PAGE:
- avoiding directing fans towards people’s faces and aim them at the ceiling or floor instead
- limiting fan oscillation (swinging)
Avoid fans if a person present in the room has respiratory or covid-like symptoms and open doors or windows on opposite sides of the room to increase airflow through cross ventilation
The comfort and safety of others must always be considered with natural ventilation.
Do not open windows or doors if doing so poses a security, safety or health risk (for example, triggering asthma in a smoke or extreme pollen event, very cold or hot weather) to others.
Mechanical ventilation refers to the active process of introducing or removing air from an indoor space with powered air movement systems, like heating, ventilation, and air conditioning (HVAC) systems or exhaust fans.
Mechanical ventilation can be improved by:
- arranging regular inspection, cleaning and maintenance of HVAC systems by ventilation engineers and industrial or occupational hygienists
- changing air filters as recommended and following use in a contaminated area
- limiting or avoiding HVAC systems with air recirculation mode as this helps increase the amount of outdoor air being circulated into a space
- disabling ventilation controls with automated settings that reduce air supply based on temperature and occupancy
- ensuring exhaust fans in kitchens, restrooms and communal areas are functional and operating at full capacity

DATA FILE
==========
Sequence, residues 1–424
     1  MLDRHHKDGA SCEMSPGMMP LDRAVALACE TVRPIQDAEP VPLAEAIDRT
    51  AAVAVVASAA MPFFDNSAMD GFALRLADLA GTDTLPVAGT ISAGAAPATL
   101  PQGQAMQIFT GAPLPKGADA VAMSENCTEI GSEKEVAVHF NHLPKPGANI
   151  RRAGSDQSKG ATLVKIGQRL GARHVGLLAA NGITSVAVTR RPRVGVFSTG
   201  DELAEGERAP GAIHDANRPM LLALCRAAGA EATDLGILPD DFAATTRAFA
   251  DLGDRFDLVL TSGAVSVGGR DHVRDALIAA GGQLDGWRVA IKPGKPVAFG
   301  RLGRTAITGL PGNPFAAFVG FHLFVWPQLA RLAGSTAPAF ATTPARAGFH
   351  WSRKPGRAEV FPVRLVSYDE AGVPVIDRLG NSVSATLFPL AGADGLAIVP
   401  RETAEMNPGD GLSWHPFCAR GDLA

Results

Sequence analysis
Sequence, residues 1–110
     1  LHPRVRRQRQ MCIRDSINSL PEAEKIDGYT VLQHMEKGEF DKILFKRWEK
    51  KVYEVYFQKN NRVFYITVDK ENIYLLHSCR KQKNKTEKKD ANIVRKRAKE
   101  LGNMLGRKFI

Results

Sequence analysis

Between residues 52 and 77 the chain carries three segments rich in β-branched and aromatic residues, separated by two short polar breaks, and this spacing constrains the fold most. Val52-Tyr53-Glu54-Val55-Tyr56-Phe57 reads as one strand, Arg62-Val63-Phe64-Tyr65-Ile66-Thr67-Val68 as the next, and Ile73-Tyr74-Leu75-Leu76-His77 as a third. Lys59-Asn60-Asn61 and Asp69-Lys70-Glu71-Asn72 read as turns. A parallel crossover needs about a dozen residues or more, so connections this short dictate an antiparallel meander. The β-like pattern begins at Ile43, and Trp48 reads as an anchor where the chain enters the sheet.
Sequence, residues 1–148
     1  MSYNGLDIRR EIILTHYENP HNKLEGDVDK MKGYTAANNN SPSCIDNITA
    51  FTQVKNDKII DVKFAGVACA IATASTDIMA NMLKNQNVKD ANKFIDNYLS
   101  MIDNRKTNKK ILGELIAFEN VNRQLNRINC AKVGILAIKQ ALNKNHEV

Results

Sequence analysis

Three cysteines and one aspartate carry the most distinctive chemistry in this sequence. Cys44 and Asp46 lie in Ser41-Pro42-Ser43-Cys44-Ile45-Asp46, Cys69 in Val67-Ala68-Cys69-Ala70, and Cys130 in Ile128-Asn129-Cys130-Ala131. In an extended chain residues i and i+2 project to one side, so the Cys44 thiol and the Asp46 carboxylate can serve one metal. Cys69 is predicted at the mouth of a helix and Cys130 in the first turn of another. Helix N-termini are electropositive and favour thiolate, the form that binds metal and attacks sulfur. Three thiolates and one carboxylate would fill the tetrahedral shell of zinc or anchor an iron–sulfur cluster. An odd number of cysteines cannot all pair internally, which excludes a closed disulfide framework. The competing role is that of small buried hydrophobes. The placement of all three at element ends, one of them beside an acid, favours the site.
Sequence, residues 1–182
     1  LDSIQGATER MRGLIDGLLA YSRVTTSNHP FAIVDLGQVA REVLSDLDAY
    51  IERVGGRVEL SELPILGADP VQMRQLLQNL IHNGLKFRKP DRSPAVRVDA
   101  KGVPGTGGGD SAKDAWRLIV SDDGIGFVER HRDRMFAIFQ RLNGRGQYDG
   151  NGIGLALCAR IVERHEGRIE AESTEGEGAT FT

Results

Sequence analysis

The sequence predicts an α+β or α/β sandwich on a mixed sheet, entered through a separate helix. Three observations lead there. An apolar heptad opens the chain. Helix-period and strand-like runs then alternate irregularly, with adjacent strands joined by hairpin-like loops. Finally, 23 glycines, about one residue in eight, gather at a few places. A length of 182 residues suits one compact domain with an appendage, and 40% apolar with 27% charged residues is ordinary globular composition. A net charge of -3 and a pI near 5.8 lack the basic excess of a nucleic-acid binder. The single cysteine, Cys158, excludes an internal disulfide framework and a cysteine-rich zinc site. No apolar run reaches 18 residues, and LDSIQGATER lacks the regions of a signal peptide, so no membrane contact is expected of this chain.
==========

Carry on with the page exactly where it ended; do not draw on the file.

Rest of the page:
- installing whirlybirds or extractor fans to enhance overall ventilation strategy.
Air purifiers or cleaners such as those fitted with high-efficiency particulate air (HEPA) filters can lower the concentration of airborne contaminants, including viruses, in the air and are useful additions in areas with poor ventilation.
It is important to consider the filtration capacity required and to place in a location that does not interfere with existing HVAC airflow.
Air purifiers or cleaners should be operated and maintained in accordance with the manufacturer’s instructions.
Businesses should consider consulting an occupational hygienist to assist in determining appropriate placement of these devices within the room to ensure maximum benefit is achieved.
What if I can’t change ventilation or choose an outdoor location
If you can’t change ventilation in your indoor space or choose an outdoor location, consider the following:
- reducing the number of people in an indoor space at any one time
- reducing the length of time people spend indoors together
- avoiding peak activity times and places where people gather indoors
- wearing a well fitted face mask when indoors
- optimising ventilation by periodically opening a window (for example, every 10 minutes at every hour if the weather is too cold or supervision is needed near an open window)
- Safe Work Australia: Improving ventilation in indoor workplaces
- Australian Government Department of Health: Australian Health Protection Principal Committee (AHPPC) statement on the role of ventilation in reducing the risk of transmission of COVID-19
- World Health Organization: Coronavirus disease (COVID-19): Ventilation and air conditioning